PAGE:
Author Topic: Analog or digital?  (Read 1582 times)

xorophone

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Analog or digital?
« on: August 25, 2016, 04:06:05 PM »
Hello! I'm building the Leviathan delay from Etcher's Paradise and right now I'm designing a waterslide decal for it. This delay is fully analog right? I want to write "Analog Delay" on it, but of course it has to be analog for that. I'm 99% sure it is, but I just want to make sure the PT2399 isn't digital or something.

Also, if anyone wants to give me an explanation on how to easily identify this in the future, I'd be really happy.

Thanks!

somnif

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Re: Analog or digital?
« Reply #1 on: August 25, 2016, 04:27:39 PM »
The 2399 is a digital chip which emulates analog style delay. Sorry to disappoint.

somnif

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Re: Analog or digital?
« Reply #2 on: August 25, 2016, 04:39:58 PM »
Now that Im not trying to type on a phone, I can talk a bit more about it. The PT2399 is a digital device. It stores an incoming signal in memory and processes it in an attempt to replicate the decay pattern of an older analog delay. Here is the diagram of the chip:



That big black box of voodoo in the middle is where all the signal processing happens.

Compare this to analog delays. The oldest style of analog delay is, well, tape. Store a sound on a tape and run it back across another head to play the sound again. Works great, but its bulky, expensive, and fragile.

To work around this, engineers thought to use banks of capacitors to store and eject the signal instead. A lot of capacitors. The earliest forms of this used a rotating belt to hold capacitance and discharge it as necessary. This was complicated by the fact that Air would render the trick useless, so the whole mess had to be submerged in oil. See: http://www.geofex.com/Article_Folders/oil_can_delays.htm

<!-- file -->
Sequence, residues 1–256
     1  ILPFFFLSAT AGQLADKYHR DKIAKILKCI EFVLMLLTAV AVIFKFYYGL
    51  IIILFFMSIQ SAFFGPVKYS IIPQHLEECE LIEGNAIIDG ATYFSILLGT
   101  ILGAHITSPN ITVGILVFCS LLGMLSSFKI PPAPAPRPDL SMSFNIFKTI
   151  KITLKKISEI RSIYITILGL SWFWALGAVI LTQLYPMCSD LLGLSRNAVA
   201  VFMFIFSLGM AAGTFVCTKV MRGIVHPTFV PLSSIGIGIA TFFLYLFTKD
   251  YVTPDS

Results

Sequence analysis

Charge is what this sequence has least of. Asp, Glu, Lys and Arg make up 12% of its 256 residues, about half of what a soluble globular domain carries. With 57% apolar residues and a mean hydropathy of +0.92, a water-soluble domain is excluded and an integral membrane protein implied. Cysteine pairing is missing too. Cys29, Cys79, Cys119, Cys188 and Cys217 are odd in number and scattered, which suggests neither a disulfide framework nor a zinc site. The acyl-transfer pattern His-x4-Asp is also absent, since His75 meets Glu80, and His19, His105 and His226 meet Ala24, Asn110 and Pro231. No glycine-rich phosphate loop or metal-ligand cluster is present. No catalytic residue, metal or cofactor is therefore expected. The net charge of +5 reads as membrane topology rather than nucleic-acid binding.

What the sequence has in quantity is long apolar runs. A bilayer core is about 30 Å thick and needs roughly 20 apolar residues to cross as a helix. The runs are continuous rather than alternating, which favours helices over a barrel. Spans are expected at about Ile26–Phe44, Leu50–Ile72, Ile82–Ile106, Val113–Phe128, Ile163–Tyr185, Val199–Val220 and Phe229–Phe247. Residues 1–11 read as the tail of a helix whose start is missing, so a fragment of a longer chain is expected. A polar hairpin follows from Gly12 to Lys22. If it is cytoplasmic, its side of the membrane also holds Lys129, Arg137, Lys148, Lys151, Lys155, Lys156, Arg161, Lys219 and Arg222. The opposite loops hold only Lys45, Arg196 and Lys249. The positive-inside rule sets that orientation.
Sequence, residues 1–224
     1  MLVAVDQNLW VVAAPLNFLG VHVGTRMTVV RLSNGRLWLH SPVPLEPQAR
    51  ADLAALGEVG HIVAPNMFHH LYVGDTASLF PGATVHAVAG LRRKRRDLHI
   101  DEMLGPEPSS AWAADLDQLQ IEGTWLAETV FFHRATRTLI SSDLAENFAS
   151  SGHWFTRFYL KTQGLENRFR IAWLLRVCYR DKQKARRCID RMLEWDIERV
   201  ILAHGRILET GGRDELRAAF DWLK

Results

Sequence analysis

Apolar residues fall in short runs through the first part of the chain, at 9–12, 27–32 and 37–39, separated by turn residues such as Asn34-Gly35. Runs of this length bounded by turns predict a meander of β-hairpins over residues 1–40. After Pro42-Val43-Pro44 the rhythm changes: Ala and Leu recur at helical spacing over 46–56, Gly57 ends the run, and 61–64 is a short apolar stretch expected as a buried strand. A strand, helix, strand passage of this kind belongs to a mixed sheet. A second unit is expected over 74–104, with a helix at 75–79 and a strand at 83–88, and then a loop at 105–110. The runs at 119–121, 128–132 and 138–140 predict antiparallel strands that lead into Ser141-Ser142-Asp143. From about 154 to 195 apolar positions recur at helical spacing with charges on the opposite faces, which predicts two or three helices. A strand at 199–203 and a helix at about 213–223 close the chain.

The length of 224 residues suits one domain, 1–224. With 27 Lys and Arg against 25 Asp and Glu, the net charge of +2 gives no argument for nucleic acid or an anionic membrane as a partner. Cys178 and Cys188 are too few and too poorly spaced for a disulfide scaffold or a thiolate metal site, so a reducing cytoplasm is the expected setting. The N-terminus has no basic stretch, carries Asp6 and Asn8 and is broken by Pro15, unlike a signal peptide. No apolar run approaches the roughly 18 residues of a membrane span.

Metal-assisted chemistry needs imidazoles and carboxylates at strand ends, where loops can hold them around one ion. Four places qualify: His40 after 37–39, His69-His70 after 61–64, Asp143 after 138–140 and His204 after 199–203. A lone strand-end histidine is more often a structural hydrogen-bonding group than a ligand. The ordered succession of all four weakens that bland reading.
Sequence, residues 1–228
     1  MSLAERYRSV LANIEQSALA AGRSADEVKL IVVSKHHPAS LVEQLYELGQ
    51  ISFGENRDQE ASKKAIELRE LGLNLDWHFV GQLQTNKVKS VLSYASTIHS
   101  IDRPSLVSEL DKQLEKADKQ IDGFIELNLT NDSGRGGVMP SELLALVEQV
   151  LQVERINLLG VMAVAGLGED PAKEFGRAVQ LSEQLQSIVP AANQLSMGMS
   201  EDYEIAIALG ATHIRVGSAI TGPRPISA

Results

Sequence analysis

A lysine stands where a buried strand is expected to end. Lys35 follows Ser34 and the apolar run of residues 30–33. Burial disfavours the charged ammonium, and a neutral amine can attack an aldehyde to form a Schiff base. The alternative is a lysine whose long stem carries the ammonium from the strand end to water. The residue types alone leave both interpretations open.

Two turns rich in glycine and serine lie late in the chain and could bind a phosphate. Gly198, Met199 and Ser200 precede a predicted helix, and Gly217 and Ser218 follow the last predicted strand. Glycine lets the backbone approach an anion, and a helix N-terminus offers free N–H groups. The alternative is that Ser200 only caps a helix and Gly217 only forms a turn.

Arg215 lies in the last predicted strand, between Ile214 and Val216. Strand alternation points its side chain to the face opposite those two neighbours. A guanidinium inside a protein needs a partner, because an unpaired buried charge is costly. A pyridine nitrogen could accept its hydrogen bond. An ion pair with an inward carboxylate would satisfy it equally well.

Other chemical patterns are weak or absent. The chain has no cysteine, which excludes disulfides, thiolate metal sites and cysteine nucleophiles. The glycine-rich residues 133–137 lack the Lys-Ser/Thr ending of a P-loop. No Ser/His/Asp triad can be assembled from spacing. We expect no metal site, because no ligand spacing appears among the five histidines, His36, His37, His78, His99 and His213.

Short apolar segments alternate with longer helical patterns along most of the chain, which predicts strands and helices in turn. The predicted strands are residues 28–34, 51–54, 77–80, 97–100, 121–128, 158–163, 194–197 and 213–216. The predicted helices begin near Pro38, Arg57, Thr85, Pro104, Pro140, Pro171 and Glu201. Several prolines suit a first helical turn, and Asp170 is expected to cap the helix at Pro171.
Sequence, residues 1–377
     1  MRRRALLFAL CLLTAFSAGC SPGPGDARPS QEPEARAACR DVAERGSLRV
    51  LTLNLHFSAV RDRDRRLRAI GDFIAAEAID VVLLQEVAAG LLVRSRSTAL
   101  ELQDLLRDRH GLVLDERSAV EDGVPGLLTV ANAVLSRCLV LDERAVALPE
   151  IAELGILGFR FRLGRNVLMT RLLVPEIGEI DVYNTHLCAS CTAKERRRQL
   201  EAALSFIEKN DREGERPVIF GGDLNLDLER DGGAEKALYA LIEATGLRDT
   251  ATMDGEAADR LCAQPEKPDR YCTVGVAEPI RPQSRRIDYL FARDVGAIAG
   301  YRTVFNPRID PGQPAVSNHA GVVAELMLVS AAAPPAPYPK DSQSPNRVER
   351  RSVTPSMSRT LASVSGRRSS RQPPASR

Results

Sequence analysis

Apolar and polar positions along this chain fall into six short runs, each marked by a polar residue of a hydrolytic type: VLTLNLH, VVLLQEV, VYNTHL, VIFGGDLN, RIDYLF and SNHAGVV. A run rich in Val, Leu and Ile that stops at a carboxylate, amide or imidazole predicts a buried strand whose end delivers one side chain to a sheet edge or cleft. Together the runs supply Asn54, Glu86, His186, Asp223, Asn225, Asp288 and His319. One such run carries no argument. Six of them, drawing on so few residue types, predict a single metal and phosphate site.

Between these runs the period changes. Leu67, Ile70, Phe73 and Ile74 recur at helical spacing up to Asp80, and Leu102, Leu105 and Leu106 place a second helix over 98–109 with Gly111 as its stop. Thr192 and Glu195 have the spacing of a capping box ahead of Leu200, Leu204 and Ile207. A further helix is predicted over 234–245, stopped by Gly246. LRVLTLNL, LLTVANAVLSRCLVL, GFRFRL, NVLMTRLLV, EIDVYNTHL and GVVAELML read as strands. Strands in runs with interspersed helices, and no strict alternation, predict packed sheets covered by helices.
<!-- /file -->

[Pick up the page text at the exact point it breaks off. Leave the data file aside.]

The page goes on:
To get more convenient, we started to make banks of capacitors microscale and constructed integrated circuits of them. These we called "Bucket Brigade Devices", and this class makes up the bulk of what we call "Analog delays".  Basically the signal gets stored in a cap, and moved one step down the line with each tick of a clock cycle. Depending on the chip, it may have 256, 512, or 1024 steps (usually), which contributes to the max time of delay. However, this storage ability is imperfect, so you get some high end bleed off each repeat, so the echos get "darker" as they go. Most people consider this pleasing to the ear, and its this darkening that the PT2399 means to replicate (with varying degrees of success). http://www.electrosmash.com/mn3007-bucket-brigade-devices



So, how to tell at a glance? If it has a BBD chip (MN300X, most frequently, though older SAD1024 chips do popup in schematics) its "analog". If its PT2399, or some other purpose built chip, assume its digital.

Fun fact, the Belton "Brick" reverb unit is essentially 3 PT2399s playing off one another. Its digital too!
« Last Edit: August 25, 2016, 04:43:05 PM by somnif »

xorophone

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Re: Analog or digital?
« Reply #3 on: August 26, 2016, 01:34:27 PM »